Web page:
1. a small notch, groove, chip, or the like, cut into or existing in something.
  2. a hollow place produced in an edge or surface, as of a dish, by breaking, chipping, or the like: I didn't notice those tiny nicks in the vase when I bought it.
  3. a small dent or wound.
  4. a small groove on one side of the shank of a printing type, serving as a guide in setting or to distinguish different types.
  5. Biochemistry. a break in one strand of a double-stranded DNA or RNA molecule.
  6. British Slang. prison.
verb (used with object)
  1. to cut into or through: I nicked my chin while shaving.
  2. to hit or injure slightly.
  3. to make a nick or nicks in (something); notch, groove, or chip.
  4. to record by means of a notch or notches.
  5. to incise certain tendons at the root of (a horse's tail) to give it a higher carrying position; make an incision under the tail of (a horse).
  6. to hit, guess, catch, etc., exactly.
  7. Slang. to trick, cheat, or defraud: How much did they nick you for that suit?
  8. British Slang.
    1. to arrest (a criminal or suspect).
    2. to capture; nab.
    3. to steal: Someone nicked her pocketbook on the bus.
  1. in the nick of time, at the right or vital moment, usually at the last possible moment: The fire engines arrived in the nick of time.

Origin of nick

1475–85; obscurely akin to Old English gehnycned wrinkled, Old Norse hnykla to wrinkle
Related formsun·nicked, adjective Unabridged Based on the Random House Unabridged Dictionary, © Random House, Inc. 2018

Related Words for nicking

knock, cut, indent, dent, damage, mark, slit, score, dint, jag, mill, notch, scar

Examples from the Web for nicking

Contemporary Examples of nicking

Historical Examples of nicking

  • I says, 'anything from plowing to threshing and nicking a nag's tail,' I says.

    A Son of Hagar

    Sir Hall Caine

  • For the young man was nicking him over the shins with the rim of the book cover.

    The Longest Journey

    E. M. Forster

  • To pile in a number means the nicking of china, and scratching of silver.

  • This nicking of swans on the river was formerly a matter of great state.

  • The custom of shaving and nicking the head of a fool is very old.

    Folk-lore of Shakespeare

    Thomas Firminger Thiselton-Dyer

British Dictionary definitions for nicking


  1. a small notch or indentation on an edge or surface
  2. a groove on the shank of a printing type, used to orientate type and often to distinguish the fount
  3. British a slang word for prison, police station
  4. in good nick informal in good condition
  5. in the nick of time at the last possible moment; at the critical moment
  1. (tr) to chip or cut
  2. (tr) slang, mainly British
    1. to steal
    2. to take into legal custody; arrest
  3. (intr often foll by off) informal to move or depart rapidly
  4. to divide and reset (certain of the tail muscles of a horse) to give the tail a high carriage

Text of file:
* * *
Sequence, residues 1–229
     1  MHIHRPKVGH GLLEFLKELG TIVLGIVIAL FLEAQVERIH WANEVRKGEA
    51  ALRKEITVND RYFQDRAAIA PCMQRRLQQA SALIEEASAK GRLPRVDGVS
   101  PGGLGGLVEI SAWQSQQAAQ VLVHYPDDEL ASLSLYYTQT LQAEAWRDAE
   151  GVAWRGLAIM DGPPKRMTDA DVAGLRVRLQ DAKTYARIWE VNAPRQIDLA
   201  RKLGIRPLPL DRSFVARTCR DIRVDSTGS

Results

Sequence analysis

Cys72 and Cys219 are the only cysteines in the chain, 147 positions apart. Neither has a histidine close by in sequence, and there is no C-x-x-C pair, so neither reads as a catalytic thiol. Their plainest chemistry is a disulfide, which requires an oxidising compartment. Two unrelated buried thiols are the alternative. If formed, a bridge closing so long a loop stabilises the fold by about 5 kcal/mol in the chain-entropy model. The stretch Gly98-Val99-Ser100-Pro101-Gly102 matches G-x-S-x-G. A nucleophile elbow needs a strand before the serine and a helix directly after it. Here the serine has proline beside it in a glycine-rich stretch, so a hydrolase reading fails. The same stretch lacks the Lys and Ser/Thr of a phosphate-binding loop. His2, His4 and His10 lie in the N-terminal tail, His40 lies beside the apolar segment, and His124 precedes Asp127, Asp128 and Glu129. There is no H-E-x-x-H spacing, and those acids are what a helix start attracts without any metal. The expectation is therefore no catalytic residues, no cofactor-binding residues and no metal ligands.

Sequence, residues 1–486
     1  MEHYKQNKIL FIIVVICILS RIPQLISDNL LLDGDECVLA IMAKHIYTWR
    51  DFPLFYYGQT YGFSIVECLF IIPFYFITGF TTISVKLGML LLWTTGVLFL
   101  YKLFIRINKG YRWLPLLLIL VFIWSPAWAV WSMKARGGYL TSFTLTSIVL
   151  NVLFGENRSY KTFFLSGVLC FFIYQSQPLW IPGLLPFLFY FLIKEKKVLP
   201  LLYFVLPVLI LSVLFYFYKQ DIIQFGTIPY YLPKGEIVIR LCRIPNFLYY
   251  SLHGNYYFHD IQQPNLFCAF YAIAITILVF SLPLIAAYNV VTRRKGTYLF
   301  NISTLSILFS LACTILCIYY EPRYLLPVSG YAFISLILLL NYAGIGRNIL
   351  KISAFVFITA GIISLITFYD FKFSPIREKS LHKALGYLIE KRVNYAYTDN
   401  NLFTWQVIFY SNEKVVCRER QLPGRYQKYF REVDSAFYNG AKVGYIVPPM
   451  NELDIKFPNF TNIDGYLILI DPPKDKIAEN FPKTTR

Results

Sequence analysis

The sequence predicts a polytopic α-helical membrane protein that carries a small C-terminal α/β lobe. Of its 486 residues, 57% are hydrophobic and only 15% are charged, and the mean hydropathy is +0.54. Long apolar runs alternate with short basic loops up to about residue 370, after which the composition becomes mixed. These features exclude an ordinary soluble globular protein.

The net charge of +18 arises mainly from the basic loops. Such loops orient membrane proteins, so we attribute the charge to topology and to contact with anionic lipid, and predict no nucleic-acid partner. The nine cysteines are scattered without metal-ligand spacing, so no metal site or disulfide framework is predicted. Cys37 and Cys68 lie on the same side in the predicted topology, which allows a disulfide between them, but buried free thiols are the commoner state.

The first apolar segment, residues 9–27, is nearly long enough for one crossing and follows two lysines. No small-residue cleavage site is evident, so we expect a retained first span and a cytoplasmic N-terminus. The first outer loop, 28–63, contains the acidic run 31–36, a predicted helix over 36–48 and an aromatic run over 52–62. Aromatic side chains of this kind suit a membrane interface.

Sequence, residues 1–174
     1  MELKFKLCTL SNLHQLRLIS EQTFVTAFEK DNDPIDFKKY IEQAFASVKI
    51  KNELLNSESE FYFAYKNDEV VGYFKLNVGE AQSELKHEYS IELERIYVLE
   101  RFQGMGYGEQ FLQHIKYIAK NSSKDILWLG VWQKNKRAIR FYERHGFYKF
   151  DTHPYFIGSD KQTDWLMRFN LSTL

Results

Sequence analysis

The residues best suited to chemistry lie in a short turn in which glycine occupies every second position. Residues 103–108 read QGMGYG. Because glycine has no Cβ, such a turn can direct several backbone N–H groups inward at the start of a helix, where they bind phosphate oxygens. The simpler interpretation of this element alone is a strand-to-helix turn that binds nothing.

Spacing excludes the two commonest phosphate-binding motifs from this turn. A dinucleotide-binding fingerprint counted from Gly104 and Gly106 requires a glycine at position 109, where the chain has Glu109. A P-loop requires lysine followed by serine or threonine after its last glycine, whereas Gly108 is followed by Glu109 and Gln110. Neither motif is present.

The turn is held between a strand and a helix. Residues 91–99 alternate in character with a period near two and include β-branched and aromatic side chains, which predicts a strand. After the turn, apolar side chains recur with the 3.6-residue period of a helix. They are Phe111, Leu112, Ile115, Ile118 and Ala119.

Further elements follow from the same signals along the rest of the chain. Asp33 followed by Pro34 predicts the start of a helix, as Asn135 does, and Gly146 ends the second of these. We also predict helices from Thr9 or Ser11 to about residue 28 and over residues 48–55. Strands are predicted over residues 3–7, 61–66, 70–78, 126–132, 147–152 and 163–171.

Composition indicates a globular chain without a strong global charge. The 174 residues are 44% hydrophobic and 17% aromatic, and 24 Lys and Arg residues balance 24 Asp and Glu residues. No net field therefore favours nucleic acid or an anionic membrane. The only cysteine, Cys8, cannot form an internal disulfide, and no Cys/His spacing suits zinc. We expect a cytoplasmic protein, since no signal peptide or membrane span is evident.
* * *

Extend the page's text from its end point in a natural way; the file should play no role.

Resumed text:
5. (tr) to guess, catch, etc, exactly
  6. (intr) (of breeding stock) to mate satisfactorily
  7. nick someone for US and Canadian slang to defraud someone to the extent of

Word Origin for nick

C15: perhaps changed from C14 nocke nock


  1. computing an alias adopted by a member of a chatroom or forum; nickname

Word Origin for nick

short for nickname
Collins English Dictionary - Complete & Unabridged 2012 Digital Edition © William Collins Sons & Co. Ltd. 1979, 1986 © HarperCollins Publishers 1998, 2000, 2003, 2005, 2006, 2007, 2009, 2012

Word Origin and History for nicking



1520s, "to make a notch in," from nick (n.). Sense of "to steal" is from 1869, probably from earlier slang sense of "to catch, take unawares, arrest" (1620s). The precise sense connection is unclear. Related: Nicked; nicking.


masc. proper name, familiar form of Nicholas. As "the devil" by 1640s, but the reason for it is obscure.



"notch, groove, slit," late 15c., nyke, of unknown origin, possibly influenced by Middle French niche (see niche), or from it. Nick of time is first attested 1640s (nick of opportunity is 1610s), possibly from an old custom of recording time as it passed by making notches on a tally stick, though nick in the general sense of "critical moment" is older (1570s, Hanmer, who adds "as commonly we say") than the phrase.

Online Etymology Dictionary, © 2010 Douglas Harper

nicking in Medicine


  1. A localized constriction in blood vessels of the retina of the eye.
The American Heritage® Stedman's Medical Dictionary Copyright © 2002, 2001, 1995 by Houghton Mifflin Company. Published by Houghton Mifflin Company.

Idioms and Phrases with nicking


see in the nick of time.

The American Heritage® Idioms Dictionary Copyright © 2002, 2001, 1995 by Houghton Mifflin Harcourt Publishing Company. Published by Houghton Mifflin Harcourt Publishing Company.